So if anyone is afraid that Christmas is ever in danger, just remember that classic story. And really it’s quite the opposite of what the movies say.

The Tower of Babel and Covid-19

Before even embarking on this journey of theological thought, I feel that I should throw out a disclaimer. When bringing up God during any crisis, one often leaps to a conclusion that the author is suggesting that God somehow created the crisis in order to punish humanity or a sector of humanity. This is not the direction in which I am headed nor the theological standpoint from which I am starting. Instead, I am looking at the concepts that can be interpreted from biblical stories and the comparisons and lessons that might be learned during our present time. I do believe that God works within the events of history and from the very beginning, has a habit of bringing life and order out of chaos. Let’s first look at the story of the Tower of Babel. It is a short story in the first book of the Bible, Genesis chapter 11: 1-9. While only nine versus long, it has had a lasting impression; in art, literature, architecture, and thought. Your might want to familiarize yourself with the story even if you’ve heard it before. Oftentimes our memory of a story changes and we see things differently as an adult. (For some reason, people think this is some sort of vast conspiracy or evidence that we are in a different dimension or timeline, but the Mandela effect is a topic for a different day.) Just in case you don’t have a Bible handy, here is one translation:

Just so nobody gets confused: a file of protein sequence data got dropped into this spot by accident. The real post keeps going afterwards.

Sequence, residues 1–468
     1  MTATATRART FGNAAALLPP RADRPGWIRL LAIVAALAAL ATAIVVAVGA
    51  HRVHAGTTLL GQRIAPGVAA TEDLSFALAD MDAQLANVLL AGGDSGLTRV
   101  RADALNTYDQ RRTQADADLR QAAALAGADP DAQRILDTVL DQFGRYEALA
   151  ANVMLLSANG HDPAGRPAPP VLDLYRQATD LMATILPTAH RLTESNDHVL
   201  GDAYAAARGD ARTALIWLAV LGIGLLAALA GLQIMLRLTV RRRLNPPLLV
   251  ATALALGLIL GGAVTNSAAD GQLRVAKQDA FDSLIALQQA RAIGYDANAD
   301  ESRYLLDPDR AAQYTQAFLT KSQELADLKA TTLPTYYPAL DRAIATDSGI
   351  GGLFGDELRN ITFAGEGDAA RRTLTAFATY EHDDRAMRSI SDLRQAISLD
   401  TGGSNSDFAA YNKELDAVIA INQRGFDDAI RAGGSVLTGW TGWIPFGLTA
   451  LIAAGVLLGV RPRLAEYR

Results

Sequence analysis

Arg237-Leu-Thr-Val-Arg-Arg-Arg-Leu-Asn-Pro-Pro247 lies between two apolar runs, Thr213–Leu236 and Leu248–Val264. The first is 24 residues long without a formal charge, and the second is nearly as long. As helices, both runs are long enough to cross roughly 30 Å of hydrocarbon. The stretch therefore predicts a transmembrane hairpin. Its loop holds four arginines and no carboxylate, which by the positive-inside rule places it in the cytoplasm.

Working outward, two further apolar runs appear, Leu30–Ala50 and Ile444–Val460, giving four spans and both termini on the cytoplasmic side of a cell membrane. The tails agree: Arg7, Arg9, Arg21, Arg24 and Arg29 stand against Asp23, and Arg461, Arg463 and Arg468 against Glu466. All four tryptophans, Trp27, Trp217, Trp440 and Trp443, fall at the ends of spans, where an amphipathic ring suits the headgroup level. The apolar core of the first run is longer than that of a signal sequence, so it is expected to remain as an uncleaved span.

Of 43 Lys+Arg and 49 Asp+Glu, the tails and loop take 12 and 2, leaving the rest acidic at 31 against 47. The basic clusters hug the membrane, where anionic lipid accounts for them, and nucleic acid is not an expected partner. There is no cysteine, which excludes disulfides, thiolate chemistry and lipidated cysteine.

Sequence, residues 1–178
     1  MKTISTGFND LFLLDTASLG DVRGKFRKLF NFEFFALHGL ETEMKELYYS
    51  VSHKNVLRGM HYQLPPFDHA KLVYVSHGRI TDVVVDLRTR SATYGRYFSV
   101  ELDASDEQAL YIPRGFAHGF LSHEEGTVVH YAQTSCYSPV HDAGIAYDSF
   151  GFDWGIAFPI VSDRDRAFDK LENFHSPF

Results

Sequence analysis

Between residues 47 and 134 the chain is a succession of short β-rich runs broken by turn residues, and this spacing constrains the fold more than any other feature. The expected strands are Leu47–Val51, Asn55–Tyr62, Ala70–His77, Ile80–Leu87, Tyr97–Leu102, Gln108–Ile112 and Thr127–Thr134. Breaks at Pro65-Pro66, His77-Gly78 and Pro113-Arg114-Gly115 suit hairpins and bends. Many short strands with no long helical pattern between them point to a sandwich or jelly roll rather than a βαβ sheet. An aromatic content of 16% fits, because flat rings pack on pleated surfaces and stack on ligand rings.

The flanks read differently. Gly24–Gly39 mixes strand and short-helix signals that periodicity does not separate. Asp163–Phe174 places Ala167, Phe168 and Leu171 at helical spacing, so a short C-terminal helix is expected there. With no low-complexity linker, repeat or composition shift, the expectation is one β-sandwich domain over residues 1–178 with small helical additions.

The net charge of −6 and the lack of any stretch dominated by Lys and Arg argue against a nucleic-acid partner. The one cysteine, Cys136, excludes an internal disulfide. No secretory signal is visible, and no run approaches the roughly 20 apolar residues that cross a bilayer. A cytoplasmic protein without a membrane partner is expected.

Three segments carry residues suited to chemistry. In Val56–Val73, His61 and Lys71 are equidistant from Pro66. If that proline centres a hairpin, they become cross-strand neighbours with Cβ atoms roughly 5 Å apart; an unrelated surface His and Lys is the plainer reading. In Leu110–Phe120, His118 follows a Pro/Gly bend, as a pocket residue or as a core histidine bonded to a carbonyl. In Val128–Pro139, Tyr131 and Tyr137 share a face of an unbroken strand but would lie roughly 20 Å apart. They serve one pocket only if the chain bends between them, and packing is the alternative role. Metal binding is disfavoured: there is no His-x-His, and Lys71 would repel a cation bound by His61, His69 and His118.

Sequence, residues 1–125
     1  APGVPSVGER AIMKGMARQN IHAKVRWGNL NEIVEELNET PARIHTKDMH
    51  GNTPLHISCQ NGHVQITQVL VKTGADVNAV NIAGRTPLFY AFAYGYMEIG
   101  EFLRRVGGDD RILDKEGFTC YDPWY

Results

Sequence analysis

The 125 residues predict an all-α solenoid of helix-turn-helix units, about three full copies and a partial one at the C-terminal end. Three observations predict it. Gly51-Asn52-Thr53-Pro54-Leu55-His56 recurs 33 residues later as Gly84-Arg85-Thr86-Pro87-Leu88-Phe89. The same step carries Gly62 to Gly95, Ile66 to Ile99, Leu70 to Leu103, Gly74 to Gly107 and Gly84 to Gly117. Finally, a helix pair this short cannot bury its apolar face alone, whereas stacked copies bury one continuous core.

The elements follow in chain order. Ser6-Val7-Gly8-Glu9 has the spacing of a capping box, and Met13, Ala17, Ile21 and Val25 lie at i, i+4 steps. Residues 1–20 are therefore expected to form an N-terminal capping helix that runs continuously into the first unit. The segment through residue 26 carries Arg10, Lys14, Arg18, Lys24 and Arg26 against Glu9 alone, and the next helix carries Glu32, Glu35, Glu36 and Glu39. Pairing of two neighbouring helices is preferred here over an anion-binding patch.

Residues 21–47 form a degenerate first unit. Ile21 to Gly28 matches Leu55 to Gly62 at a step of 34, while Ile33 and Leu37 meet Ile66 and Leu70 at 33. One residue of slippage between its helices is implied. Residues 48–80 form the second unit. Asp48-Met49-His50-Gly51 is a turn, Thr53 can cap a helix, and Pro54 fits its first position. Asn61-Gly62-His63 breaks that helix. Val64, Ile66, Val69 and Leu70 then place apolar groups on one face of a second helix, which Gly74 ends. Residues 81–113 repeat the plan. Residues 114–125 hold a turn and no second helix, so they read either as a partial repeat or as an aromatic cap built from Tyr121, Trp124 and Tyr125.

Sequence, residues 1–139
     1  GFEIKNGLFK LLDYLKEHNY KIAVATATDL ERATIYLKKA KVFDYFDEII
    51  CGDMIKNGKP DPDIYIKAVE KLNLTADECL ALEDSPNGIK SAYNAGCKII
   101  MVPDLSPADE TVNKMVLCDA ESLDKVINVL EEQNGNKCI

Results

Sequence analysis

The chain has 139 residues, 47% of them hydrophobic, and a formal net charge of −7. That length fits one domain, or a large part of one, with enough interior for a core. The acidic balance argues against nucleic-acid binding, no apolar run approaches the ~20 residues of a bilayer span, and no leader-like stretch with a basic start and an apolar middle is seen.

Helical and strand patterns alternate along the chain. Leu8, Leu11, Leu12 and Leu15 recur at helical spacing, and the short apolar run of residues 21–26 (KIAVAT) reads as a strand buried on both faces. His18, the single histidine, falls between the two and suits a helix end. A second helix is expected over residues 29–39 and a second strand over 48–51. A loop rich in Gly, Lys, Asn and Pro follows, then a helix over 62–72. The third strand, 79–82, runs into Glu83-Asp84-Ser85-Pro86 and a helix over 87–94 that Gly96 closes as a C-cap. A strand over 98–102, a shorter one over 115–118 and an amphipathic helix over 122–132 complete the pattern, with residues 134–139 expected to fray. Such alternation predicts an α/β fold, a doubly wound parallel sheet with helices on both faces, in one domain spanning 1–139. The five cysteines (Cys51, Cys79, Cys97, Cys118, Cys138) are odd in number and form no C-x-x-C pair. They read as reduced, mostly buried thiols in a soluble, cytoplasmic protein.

Now the whole world had one language and a common speech. As people moved eastward, they found a plain in Shinar and settled there. They said to each other, “Come, let’s make bricks and bake them thoroughly.” They used brick instead of stone, and tar for mortar. Then they said, “Come, let us build ourselves a city, with a tower that reaches to the heavens, so that we may make a name for ourselves; otherwise we will be scattered over the face of the whole earth.” But the Lord came down to see the city and the tower the people were building. The Lord said, “If as one people speaking the same language they have begun to do this, then nothing they plan to do will be impossible for them. Come, let us go down and confuse their language so they will not understand each other.” So the Lord scattered them from there over all the earth, and they stopped building the city. That is why it was called Babel—because there the Lord confused the language of the whole world. From there the Lord scattered them over the face of the whole earth. (New International Version)